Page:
Director / Screenwriter
|Francis Ford Coppola
|Monty Python's Life of Brian
|La dolce vita
|The 400 Blows
|Paul Thomas Anderson
The streets of my hometown have never been more frighteningly beautiful than in Buñuel's coming-of-age masterpiece, set in the lower depths of Mexico City. It also has one of the best dream sequences ever shot.
The first time I saw Apocalypse Now as a teenager, I felt ill. Physically ill. The following day I wanted to watch it again. I still feel that way about it - it repels and fascinates me endlessly (it's impossible to hear The Doors now without a sense of dread).
In my mind, it's the most successful adaptation of a novel into a movie. Perhaps the reason for it is how detached the movie is from the source material which, paradoxically, is what allows it to arrive at the Heart of Darkness's heart. How Coppola throws himself completely - family and all - into his movies sets an example for all filmmakers to come. I don't think anyone has made such grandiose (and expensive) studio films in such a personal, authorial way.
Walter Murch's trance-inducing sound design and editing make this movie more an experience than a piece of storytelling. Though I think I prefer the original cut, every iteration of it has been a perfect excuse to dive into it again and behold with wonder what horror humans are capable of.
Monty Python's Life of Brian
Probably the film I've watched the most - and keep going back to, whenever I get the blues.
From the opening scene of the Three Magi mistaking Christ's manger for Brian's, to the climactic "Always look on the bright side of life" musical number at the crucifixion, this movie has more meaning than madness (and there's plenty of that too). Also some genuine Cinema moments, like Brian's brief alien abduction...
La dolce vita
Fellini is probably the director I watch the most (together with Kurosawa). I could have filled the whole list just with Fellini movies... Each one brought Cinema a step forward into the future. But perhaps this is his very best. Everything about it: the statue of Christ flying over Rome, the fontana di Trevi scene, the final party by the beach, the cars, the dances, the political comment, the sex, the humour, the atmospheres, the decadence ... I think this is what films were made for. And the girl's smile in the final scene and Marcello who can't face her out of shame ... sad and beautiful.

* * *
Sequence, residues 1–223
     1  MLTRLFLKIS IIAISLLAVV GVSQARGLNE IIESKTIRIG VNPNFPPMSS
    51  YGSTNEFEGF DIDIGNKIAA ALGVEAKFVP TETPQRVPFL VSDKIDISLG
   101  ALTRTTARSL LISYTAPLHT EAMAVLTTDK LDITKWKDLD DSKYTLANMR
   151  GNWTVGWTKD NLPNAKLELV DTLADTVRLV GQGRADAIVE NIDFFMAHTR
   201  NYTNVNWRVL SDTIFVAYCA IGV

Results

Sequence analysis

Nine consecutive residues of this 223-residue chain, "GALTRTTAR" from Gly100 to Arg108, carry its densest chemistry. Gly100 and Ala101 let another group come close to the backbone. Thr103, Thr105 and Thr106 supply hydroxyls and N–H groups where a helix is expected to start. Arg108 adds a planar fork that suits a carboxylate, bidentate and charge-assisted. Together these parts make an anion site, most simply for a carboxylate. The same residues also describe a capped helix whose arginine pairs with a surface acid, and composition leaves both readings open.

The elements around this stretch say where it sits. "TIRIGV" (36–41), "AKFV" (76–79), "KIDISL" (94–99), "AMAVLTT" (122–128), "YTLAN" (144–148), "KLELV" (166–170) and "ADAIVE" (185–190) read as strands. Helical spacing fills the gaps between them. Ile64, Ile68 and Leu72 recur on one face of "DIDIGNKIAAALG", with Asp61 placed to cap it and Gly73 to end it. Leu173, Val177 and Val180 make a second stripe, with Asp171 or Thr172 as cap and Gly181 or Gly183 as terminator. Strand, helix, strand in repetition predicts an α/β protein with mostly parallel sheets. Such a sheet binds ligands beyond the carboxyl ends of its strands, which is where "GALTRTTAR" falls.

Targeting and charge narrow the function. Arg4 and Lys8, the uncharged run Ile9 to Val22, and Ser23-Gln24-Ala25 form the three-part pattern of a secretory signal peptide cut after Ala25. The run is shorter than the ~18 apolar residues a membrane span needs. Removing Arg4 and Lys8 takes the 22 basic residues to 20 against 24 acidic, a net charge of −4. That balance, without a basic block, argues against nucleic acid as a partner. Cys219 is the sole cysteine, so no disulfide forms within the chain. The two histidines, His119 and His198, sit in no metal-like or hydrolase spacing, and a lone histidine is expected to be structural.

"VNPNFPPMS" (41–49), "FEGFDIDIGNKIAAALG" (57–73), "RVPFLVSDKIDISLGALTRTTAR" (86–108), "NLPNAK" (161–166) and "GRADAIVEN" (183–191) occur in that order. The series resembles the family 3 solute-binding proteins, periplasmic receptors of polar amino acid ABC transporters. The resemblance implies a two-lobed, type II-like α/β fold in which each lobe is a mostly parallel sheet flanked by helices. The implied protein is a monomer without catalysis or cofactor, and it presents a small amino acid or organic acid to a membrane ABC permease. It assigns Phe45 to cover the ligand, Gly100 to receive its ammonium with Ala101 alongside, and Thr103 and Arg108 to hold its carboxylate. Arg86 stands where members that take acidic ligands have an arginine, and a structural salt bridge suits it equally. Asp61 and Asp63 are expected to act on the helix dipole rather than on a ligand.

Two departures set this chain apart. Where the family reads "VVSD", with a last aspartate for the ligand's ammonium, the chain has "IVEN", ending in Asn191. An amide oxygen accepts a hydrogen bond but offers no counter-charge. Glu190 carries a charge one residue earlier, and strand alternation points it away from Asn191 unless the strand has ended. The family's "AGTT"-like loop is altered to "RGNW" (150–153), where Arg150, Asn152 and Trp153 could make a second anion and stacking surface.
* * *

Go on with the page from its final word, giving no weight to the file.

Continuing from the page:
The 400 Blows
Truffaut has always been my favourite among the Nouvelle Vague - his humour, his humanism and compassion pour out of every frame of this, his first movie. It is to Cinema what The Catcher in the Rye is to literature - the most beautiful portrayal I know of growing pains. What a kid! What a face! What a character!
One of those films you can't believe you had not watched before. It feels like the redefining of film grammar. It's not only the astounding set pieces (the departure of the soldiers off to war, the 360 degree shot of Boris running up the stairs to kiss Veronika, or the grand finale when the soldiers return to a parade of flowers and broken hearts), but the emotion that runs through the whole sweeping epic in the face of Veronika - like a Tolstoy novel that perfectly balances the intimate with the grandiose. Like with I am Cuba, it feels as if a whole country is involved in the making of a movie - a nation's project to define itself.
PTA's most revered film is probably There Will Be Blood, but Punch-Drunk Love saved my life. I can't remember a film that made me literally cry and laugh, at the very same time. Such an original masterpiece - I can't think of any movie that is quite like it. Funny and sad. Violent and tender. Expressionistic and sordid. It really pushes counterpoint to new limits. It's pop and profound, nostalgic and silly - perhaps the finest Trojan horse of a movie ever to use a popular comedian to make such a weird and idiosyncratic piece of art.
Again, I could have filled the list with just Kiarostami movies. It's hard to pick from among Taste of Cherry, Where is the Friend's House? and even his late Certified Copy... but Close-Up is unlike any other movie I've seen. Beyond how it blurred the boundaries between fiction and documentary in a new way, it is a genuinely moving love letter to cinema and to cinephiles. Its poetry comes from the most unexpected places.
The moment when the film shifts from the sequence of stills to 24 frames per second as the woman is waking up is perhaps the greatest magic trick cinema has given us.
What Mike Leigh and his actors achieved in this movie is perhaps some of the greatest acting in the history of cinema. David Thewlis's journey into the underbelly of London is one the most painful and engaging portrayals of the human condition: doomed to roam the earth alone, spiritually alone. It's also hysterically funny.
This is so unfair! Leaving out Kurosawa feels just dumb. I hate doing these desert island lists. But once I start doing them, I can't stop thinking about it.
I'd have included all of Kurosawa, as well as 2001, Dr. Strangelove, Tarkovsky's Stalker, Woody Allen's Annie Hall, Duck Soup by the Marx Brothers, Nuri Bilge Ceylan's Once Upon a Time in Anatolia, Welles's F for Fake and of course Kane, Lynne Ramsay's Ratcatcher, Clouzot's The Wages of Fear, Steve Mc Queen's Hunger, Vanishing Point, Von Trier's The Five Obstructions and The Idiots, Lucrecia Martel's Zama, Zemecki's Back to the Future and even Deep Throat ...